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About "Ambush in Mogadishu"



Somalia, a large (about the size of Texas) but desperately poor country in the Horn of Africa, was strange terrain for proxy wars between friends and enemies of the United States and the Soviet Union during the Cold War. In 1969, Maj. Gen. Mohamed Siad Barre seized control, instituted a nominally "socialist" regime, and established friendly relations with Moscow. After an unsuccessful Somali invasion into Ethiopia's Ogaden region in 1977, the Soviet Union sided with arch-enemy Ethiopia. In a quick change of partners, Washington embraced Somalia and took Moscow's place as the main source of military and foreign aid after 1978.

Already reeling from two decades of misrule and corruption, the country truly began to disintegrate instead of merely teetering on the brink of anarchy. Indeed by 1991 social scientists had coined the term "failed state" to describe a country that no longer manifested the control and discipline that are supposed to characterize a modern government. The fact that virtually all Somalis share a common language, culture, and religion was apparently insufficient to slow the total breakdown in society.

Drought exacerbated the erosion of both central and local authority, with over two million refugees and widespread starvation. Some 300,000 people died in 1991-92 alone, and another one million people were threatened by famine when the U.S. began an airlift of foodstuffs in August 1992.

The end of the Cold War made possible what soon would become a massive intervention led by 28,000 American ground troops. Until the collapse of the Berlin Wall and of the Soviet Union itself, the United Nations was paralyzed in the security arena because of the confrontation between Washington and Moscow. Suddenly, the UN enjoyed the unanimity of views among the great powers that its founders had desired in 1945. The world organization had approved a U.S.-led coalition to roll back the Iraqi occupation of Kuwait and to protect Kurds in northern Iraq from being decimated by the government in Baghdad.

And in December 1992 the UN Security Council approved the establishment in Somalia of "a secure environment for humanitarian relief" and welcomed Washington's offer. Lame duck President George Bush had been informed by the Pentagon that the United States could save as many as a million lives with a large-scale military operation. At first the intervention calmed Somalis and made food distribution easier--not an inconsiderable accomplishment in a country in which one of eight citizens had already died from starvation or clan warfare. But soon "mission creep" (or the enlargement of the original terms of reference) began as American forces sought to impose order and even engaged in a manhunt for one clan leader, complete with "wanted" posters offering a reward. "Nation-building" (or helping to rehabilitate and reconstruct a war-torn country) became a dirty word as fifteen warring factions led by warlords and composed of teenagers chewing Khat (a local narcotic) led to what one relief official in the program compares to "a Mad Max film."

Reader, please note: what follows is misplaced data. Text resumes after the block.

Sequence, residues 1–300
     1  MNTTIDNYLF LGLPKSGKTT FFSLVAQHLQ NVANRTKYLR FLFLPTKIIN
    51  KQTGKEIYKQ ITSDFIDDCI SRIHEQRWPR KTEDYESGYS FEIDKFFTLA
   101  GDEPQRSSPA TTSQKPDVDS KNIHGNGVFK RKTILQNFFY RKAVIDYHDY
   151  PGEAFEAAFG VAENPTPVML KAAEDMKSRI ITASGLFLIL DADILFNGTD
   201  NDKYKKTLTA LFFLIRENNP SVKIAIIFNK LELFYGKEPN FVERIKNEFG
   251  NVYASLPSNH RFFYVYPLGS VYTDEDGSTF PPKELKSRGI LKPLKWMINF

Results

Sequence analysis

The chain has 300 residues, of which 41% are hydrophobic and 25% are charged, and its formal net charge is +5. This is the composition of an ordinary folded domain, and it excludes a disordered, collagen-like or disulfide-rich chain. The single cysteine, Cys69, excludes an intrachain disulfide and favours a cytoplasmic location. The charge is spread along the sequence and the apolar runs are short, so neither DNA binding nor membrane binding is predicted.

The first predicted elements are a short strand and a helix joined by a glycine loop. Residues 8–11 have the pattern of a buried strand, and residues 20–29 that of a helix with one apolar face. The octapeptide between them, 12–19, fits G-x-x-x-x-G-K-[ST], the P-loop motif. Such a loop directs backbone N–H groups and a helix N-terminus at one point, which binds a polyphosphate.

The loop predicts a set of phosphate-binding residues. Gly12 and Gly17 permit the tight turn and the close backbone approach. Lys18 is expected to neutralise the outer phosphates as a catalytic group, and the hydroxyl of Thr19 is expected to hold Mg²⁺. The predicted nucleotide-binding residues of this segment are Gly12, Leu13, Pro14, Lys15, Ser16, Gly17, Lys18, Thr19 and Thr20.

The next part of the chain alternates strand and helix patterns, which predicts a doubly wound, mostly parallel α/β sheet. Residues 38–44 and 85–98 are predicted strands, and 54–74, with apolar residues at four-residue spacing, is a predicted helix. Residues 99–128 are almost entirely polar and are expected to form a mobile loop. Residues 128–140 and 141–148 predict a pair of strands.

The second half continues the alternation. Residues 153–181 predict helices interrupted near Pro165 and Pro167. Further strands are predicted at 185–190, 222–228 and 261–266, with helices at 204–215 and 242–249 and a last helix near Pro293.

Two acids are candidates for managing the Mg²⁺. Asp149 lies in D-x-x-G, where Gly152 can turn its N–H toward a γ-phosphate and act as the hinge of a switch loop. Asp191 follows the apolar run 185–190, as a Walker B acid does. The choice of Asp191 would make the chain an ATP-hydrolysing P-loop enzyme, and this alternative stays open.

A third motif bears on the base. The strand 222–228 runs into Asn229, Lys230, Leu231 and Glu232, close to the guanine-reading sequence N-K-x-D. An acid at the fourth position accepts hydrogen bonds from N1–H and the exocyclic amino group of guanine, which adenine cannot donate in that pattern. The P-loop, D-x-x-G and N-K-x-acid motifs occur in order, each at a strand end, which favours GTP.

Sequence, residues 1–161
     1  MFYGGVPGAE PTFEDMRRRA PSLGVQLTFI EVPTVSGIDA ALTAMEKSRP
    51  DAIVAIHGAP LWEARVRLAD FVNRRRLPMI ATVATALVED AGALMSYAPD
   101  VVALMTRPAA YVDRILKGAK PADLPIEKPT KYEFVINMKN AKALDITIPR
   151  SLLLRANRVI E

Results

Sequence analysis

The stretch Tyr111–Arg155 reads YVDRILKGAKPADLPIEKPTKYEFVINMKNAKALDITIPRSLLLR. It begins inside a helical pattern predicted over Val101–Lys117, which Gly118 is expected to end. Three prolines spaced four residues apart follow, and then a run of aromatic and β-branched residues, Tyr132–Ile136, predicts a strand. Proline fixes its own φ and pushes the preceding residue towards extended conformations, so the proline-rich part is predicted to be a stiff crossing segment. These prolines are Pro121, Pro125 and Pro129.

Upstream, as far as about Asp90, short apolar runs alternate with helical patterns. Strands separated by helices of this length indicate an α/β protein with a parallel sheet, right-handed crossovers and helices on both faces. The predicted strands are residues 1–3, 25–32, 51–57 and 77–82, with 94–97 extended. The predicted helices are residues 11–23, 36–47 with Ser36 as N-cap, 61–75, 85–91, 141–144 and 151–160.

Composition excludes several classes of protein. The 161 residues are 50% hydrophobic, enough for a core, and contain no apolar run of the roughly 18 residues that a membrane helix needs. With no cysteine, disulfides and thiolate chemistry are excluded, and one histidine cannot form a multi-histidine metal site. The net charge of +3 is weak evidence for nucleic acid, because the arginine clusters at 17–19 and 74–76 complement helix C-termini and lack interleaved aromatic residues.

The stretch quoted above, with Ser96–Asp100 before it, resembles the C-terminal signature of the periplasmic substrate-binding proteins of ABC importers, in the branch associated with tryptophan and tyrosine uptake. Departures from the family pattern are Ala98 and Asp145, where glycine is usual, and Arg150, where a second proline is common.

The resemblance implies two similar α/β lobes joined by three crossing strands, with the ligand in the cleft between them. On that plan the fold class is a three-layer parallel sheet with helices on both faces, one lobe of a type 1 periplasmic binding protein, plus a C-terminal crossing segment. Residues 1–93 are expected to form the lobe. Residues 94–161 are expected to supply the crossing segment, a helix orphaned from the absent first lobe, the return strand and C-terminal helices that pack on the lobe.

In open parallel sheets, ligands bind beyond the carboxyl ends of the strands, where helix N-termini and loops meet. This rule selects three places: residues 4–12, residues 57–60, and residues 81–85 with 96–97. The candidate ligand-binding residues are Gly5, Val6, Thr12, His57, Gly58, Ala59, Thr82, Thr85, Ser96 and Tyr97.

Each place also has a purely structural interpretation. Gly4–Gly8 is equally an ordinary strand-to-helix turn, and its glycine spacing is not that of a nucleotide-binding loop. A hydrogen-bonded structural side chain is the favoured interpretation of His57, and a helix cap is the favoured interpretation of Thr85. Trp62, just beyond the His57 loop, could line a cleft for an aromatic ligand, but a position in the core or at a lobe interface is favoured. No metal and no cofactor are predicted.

The episode depicted in this FRONTLINE was a turning point in American foreign policy. On October 3, 1993, in the worst shoot-out since the Vietnam War, approximately 1,000 Somalis and 18 U.S. soldiers died. After the downing of the Black Hawk helicopter and a modern-day Alamo, the bodies of a few of the mutilated Americans were dragged through the streets of Mogadishu. Media coverage led to revulsion from the same U.S. public that had responded so supportively less than a year earlier to other images, namely of swollen-bellied children covered with flies.

The benevolent urge to "do something" was rapidly replaced by a more pessimistic inclination to "do nothing," or at least very little. The giddy euphoria of the initial post-Cold War period has given way to a depressing defeatism. The bitter disappointment with Operation Restore Hope had a corrosive effect on American foreign policy. The Clinton administration inherited the Somalia operation, but during the electoral campaign and shortly after the inauguration it had in fact pronounced itself in favor of "assertive multilateralism," or the use of American troops for United Nations peacekeeping operations in troubled spots around the world. As a result of the aborted raid, President Clinton not only ordered the withdrawal of American troops within six months but also sent his policy analysts back to their drawing boards to articulate a new policy.

By the time they returned with Presidential Decision Directive 25 in May 1994, Washington had effectively scrapped plans to contribute troops to armed international interventions. Meanwhile, to the southwest of Somalia in Rwanda, Hutus were massacring what may have been up to one million Tutsis and other moderate Hutus.

Learning lessons from "Ambush in Mogadishu" is important if the United States and the world are to respond better to the rising number of tragedies that threaten humanity.

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